Your personal information, including profiles, log-in files, password files, audit trail files and extracts, system usage records, and agency billing data used to assess charges for system use, will be maintained for as long as you have an active account, unless longer retention is required for business use, such as for law enforcement matters or other legal actions in accordance with National Archives and Records Administration (NARA) guidance. This personal information is necessary to provide users access to information and services at partner agencies.

There may be circumstances where we are required to share certain data. Please refer to the “routine uses” section of the system of records notice linked above for more information on those circumstances.

Even when we share the information with law enforcement, we cannot access the PII you submit because the information is encrypted in a manner that is unretrievable to the Login.gov team.

Images of State IDs, however, are retrievable. Login.gov retains the image of your U.S. based State ID or driver’s license in an encrypted format. The image is only retrieved and decrypted upon the mutual determination of Login.gov and the partner agency for law enforcement purposes due to suspected fraud.

You decide if you want to share personal information with any agency and you can revoke consent at any time. You can modify, or amend, either your email address or phone number on your account page.

However, failure to provide complete and accurate information may delay access to the partner agency. Login.gov does not make any eligibility or suitability determinations; that is the responsibility of the government websites that use the Login.gov service.

Other than as specified in this Privacy Policy and our Rules of Use, we will never share your information without your consent. Your validated personal data is encrypted and the only way to share it with a partner agency is if you, the authorized user, enter your password and explicitly grant consent to share the information. Your document images are encrypted and stored in a manner that can only be accessed if both Login and the agency agree to decrypt them. When accessing systems at the IRS, you consent to share data from each attempt you make to assert your identity as well as any future security-impacting account activities. This data is encrypted in a manner only the IRS can see.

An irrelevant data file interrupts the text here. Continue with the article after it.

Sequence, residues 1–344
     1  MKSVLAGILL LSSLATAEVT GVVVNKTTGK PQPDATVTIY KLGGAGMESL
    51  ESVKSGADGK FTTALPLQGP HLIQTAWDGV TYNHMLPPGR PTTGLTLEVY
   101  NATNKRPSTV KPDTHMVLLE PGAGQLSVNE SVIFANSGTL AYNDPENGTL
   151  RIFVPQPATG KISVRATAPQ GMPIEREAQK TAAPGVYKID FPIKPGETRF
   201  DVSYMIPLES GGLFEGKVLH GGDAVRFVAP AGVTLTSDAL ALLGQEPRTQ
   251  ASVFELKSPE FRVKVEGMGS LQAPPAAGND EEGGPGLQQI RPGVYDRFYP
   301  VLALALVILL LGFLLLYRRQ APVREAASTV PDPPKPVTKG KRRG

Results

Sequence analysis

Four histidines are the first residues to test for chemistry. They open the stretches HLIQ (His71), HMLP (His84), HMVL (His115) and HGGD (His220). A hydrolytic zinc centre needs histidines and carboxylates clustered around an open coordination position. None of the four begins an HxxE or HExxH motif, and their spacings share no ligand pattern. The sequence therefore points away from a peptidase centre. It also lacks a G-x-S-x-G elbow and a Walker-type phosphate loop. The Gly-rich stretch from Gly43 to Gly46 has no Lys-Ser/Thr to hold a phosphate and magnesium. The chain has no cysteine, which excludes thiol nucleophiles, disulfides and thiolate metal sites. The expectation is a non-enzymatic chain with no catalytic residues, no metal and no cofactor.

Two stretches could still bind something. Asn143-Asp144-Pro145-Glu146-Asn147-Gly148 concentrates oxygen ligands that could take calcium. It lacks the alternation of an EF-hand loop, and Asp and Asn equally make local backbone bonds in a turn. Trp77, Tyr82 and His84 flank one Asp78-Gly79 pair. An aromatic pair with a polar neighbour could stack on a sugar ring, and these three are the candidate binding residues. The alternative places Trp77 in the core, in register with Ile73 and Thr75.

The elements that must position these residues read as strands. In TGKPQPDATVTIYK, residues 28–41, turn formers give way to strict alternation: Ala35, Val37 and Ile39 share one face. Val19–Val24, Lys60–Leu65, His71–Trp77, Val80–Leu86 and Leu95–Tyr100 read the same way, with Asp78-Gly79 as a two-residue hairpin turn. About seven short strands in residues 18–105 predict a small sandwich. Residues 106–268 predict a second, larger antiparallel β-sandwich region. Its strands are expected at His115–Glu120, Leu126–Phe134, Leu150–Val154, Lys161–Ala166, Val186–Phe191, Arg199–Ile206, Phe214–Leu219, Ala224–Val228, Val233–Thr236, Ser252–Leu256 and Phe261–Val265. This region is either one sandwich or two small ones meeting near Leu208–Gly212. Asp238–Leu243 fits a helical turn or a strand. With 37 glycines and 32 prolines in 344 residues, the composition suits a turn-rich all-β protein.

When you create an account or visit a new partner agency website after you have created your account, you will see the option to consent to share your information with the partner agency. You are required to give consent yearly for each agency.

Remember you can update your personal information, revoke consent, or delete your account entirely at any time through your account page.

Fraud mitigation - How do we stop bad actors?

Fraud is someone pretending to be you and attempting to access a partner agency using your Login.gov information. Login.gov protects your data from bad actors. Our product works with trusted third-party vendors to make sure it is you - and not someone pretending to be you - accessing your account. These vendors look for changes and risks in user behavior that might indicate a fraud attempt.

Records - Where can you find more information?

Please see the Login.gov system of records notice (GSA/TTS–1).

Website Analytics – Other data we collect

Other data, like the pages you visit and the length of your session, are aggregated into reports to help us better understand how the site is being used and how we can make it more helpful. The data is anonymized. No personally identifying user information is tied to this data and it is only shared anonymously with the Login.gov team.

We collect device information and behavioral analytics to assess for risk of misuse. This information is stored in an obfuscated manner. Login.gov is able to assess device and behavioral risk from this obscured data store, but neither Login.gov nor its providers can read the information.

Privacy Impact Assessment

View our privacy impact assessment at www.gsa.gov/PIA for further details on how Login.gov collects, uses, secures, and destroys information in ways that protect privacy.